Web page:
• Keeping engineering labs open
  • Considering a and b shifts
  • Shifts alternating by week
  • Social distancing policies in place
  • Automated visitor questionnaires
  • Saw some difficulties keeping China operations running – but seem to be moving toward normal operations now
  • Created a pool of loaner laptops for checkout
  • Heavy computational groups have been physically split – separate buildings – less likely of cross-contamination

FOA Responds

Recently, SEMI’s Fab Owners Alliance (FOA) conducted a survey to understand the impact of COVID-19 on its device maker member community. While these situations are continuing to develop and change on an hourly basis, the FOA has decided to share the results to encourage communal awareness and advocacy for our industry. You may view the survey results here.


The below information was compiled from an open forum call with 76 members representing 15 device maker companies on March 16, 2020.

Workplace and Facility

  • Some companies have introduced thermal screening measures in the fabs. Body temperature scan is in place where employees registering a temperature of 100.4 are not permitted.
  • There was a lot interest in learning about thermal screening: suppliers, logistics, protocols and legal implications.
  • All companies have started additional disinfection practices with extra wipe down of common areas, lockers, handrails and cleanroom.
  • Extra hand sanitizers have been installed and frequent hand washing is encouraged.
  • Some companies are taking extra measures to ensure separation of gowns, putting them in bags to contain the transmission.
  • Interior doors are propped open to avoid people touching. Revolving and automatic doors in place.
  • Vendor access has been restricted at some companies. Guidelines are being tightened every day.
  • Some companies have protocols and a response team in place to isolate factory staff. Further isolation guidelines are expected in the coming week.
  • Fitness centers have been closed.


  • Most companies have restricted travel, imposing a 14-day quarantine on anyone entering the country.
  • Some companies have extended the self-quarantine rule to domestic travel as well.
  • One company has directed employees to stay in the metro area, within 50 miles from the worksite. Significant work went into defining the metro area.

Employee Safety & Policies

  • Almost all companies have enforced social distancing encouraging six-feet rule. Many have rearranged tables in cafeterias and other common areas to keep 6 feet separation.
  • Many companies have extended work from home guidance to employees whose job allows them to do so.
  • For others, companies are experimenting with rotating schedules and gaps between shift transitions.
  • Some companies are only allowing critical roles to report on-site, requiring approval from manager.
  • Many companies are concerned about on-site contractors, many of whom don’t receive paid sick leave. They are exploring ways to redefine pay processes and mitigate the risk of sick staff coming to work.
  • Some companies have placed restrictions on overtime for their operator workforce.

Business Continuity

  • Most companies are keeping an eye on the material supply but haven't experienced any shortages yet
  • Parts supply lines not yet impacted.
  • Many companies are experiencing face mask inventory shortage and have started qualifying second sources.
  • Some companies are experiencing scheduling issues with field service engineers
  • There are concerns about the ramification of quarantine. An action plan to ensure fabs don’t shut down and key people are available.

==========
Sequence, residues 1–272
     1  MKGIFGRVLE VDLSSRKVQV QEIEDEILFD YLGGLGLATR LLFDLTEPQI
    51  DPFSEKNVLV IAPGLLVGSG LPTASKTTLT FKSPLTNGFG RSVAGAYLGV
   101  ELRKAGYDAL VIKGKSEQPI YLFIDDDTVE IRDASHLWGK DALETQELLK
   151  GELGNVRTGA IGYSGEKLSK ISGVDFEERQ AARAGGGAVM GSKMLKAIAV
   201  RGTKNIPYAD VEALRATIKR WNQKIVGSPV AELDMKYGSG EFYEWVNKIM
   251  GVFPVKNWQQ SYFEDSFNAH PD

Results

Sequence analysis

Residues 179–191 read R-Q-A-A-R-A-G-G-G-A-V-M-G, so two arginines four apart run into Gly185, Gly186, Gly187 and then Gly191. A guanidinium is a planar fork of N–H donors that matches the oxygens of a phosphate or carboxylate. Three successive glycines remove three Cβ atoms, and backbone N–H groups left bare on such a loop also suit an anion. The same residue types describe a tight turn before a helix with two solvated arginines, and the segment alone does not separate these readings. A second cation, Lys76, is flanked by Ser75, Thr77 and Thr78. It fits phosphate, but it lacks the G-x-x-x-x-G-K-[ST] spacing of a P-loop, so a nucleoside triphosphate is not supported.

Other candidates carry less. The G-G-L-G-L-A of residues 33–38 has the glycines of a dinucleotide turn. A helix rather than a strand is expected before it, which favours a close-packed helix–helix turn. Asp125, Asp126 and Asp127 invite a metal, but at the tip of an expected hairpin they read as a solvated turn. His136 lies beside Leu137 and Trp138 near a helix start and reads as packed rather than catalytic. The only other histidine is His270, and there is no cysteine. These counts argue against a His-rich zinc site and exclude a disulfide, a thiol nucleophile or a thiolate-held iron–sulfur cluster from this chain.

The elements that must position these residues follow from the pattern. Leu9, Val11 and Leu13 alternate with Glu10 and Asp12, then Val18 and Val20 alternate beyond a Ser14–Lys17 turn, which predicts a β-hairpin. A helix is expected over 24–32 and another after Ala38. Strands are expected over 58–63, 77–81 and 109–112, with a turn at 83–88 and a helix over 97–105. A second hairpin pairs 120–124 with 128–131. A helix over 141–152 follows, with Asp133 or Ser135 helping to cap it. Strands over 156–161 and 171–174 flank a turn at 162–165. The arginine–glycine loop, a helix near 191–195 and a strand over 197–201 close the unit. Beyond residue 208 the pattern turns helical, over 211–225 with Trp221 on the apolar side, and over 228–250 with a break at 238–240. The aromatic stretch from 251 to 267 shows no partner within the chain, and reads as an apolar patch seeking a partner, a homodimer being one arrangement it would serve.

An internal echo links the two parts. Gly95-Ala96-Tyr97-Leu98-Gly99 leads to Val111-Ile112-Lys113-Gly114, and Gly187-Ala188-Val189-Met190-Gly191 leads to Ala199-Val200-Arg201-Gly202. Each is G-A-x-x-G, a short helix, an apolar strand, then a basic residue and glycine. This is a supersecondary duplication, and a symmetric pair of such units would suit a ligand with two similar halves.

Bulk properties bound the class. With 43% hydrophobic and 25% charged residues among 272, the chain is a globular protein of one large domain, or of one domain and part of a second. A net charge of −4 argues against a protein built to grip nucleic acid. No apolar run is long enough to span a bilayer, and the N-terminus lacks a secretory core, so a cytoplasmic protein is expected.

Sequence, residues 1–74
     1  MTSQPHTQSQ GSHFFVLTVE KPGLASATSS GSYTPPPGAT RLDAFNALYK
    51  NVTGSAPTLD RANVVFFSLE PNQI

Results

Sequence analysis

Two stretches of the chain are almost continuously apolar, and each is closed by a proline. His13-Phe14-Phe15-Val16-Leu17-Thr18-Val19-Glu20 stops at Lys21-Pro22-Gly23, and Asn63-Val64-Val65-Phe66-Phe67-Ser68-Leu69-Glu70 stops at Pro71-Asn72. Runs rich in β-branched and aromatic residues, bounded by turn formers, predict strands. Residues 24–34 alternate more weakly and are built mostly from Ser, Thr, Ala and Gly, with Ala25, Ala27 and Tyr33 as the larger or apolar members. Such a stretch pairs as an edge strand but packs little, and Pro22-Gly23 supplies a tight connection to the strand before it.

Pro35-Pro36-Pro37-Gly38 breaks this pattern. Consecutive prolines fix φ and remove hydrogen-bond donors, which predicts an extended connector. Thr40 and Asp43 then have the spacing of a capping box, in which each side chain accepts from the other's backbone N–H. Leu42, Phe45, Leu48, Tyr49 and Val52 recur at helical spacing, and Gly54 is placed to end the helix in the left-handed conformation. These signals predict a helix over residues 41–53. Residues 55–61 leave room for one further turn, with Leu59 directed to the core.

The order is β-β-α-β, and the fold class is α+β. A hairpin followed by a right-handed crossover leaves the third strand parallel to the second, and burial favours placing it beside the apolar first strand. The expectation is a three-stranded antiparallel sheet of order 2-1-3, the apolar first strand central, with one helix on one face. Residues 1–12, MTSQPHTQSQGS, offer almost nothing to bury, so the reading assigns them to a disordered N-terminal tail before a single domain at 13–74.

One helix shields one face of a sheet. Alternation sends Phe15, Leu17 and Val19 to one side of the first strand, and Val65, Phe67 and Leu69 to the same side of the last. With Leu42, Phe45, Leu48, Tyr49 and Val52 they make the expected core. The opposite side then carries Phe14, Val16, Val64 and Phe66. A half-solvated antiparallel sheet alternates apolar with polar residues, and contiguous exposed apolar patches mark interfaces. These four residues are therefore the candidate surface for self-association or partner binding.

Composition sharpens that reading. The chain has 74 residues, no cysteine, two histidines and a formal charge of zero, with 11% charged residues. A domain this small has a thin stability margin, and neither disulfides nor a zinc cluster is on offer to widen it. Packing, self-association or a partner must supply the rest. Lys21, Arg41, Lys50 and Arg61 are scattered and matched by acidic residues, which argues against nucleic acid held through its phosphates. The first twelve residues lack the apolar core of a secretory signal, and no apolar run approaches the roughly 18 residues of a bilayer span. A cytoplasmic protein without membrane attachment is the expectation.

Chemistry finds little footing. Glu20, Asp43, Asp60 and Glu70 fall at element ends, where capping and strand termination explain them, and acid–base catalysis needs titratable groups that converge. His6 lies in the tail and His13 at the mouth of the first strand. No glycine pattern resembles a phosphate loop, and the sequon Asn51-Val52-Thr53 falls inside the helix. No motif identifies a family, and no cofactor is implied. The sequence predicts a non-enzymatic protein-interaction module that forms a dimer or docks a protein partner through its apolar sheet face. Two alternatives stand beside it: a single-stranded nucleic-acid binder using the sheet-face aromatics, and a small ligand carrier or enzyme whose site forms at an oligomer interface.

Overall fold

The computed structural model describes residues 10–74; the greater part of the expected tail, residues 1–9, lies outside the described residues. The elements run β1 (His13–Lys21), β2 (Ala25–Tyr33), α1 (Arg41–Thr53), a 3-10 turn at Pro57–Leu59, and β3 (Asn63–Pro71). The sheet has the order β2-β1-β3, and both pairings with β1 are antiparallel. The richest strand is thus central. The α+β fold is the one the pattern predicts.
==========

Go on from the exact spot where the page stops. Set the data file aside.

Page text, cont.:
• Many companies expect an increase in absenteeism especially due to school closures and sick dependents.
  • Suppliers are impacted due to Bay Area “shelter in place” order.

Follow-Up Survey Summary

On March 24th, the FOA issued a follow-up survey to its device maker members to collect further information on tactical activities and policies companies are undertaking as part of their business continuity plans. Below is a summary of the best practices and recommendations gathered from 13 device maker companies focused primarily on workplace safety.

  • Companies responded that for any employees with spouses in the medical field, employees can come into work if they or their family is not exhibiting any symptoms.
  • In the event an employee tested positive, members were taking different approaches to handle the situation. Responses ranged from members still working on determining a protocol, to deep cleaning of the areas the employee worked in. Most members responded that any employee who worked with impacted employee, were also to self-quarantine.
  • Most member companies were staggering shifts to limit cross shift exposure.
  • Most members reported not having any policies in place to reduce absenteeism for non- exempt employees. One member had an innovative approach as follows:
    • Offering free food in the cafeteria (up to $10 a day) to all employees who end up on site
  • Majority members reported to not paying contractors without sick leave to stay home.
  • Members were polled to see if they switched to masks from beard covers, but majority said masks were the preferred method of protection in the first place.
  • Distribution drivers for deliveries weren’t allowed into the building for most members, and that social distancing was practiced in case of deliveries.
  • For those working from home, member companies reported on advising sanitizing keyboards, mouse, computer with wipes on a regular basis.
  • Temperature scanning was a protocol that was in the process of being reviewed for implementation at several member companies. Some of the device maker members have already implemented temperature scanning and shared details about lessons learnt from the same.
  • For those who have temperature scanning in place, security handles the scanning.




The Fab Owners Alliance (FOA) continues to facilitate dialogue and information sharing between its close-knit Device Maker members by hosting a series of open forums virtually. The second open forum in this series focused on return-to-work during the pandemic. 30 members representing 15 Device Maker companies attended the forum. To gather baseline data and maximize interaction time during the live discussion, the membership was surveyed on their procedures and policies in order to safely bring their workforce back on site.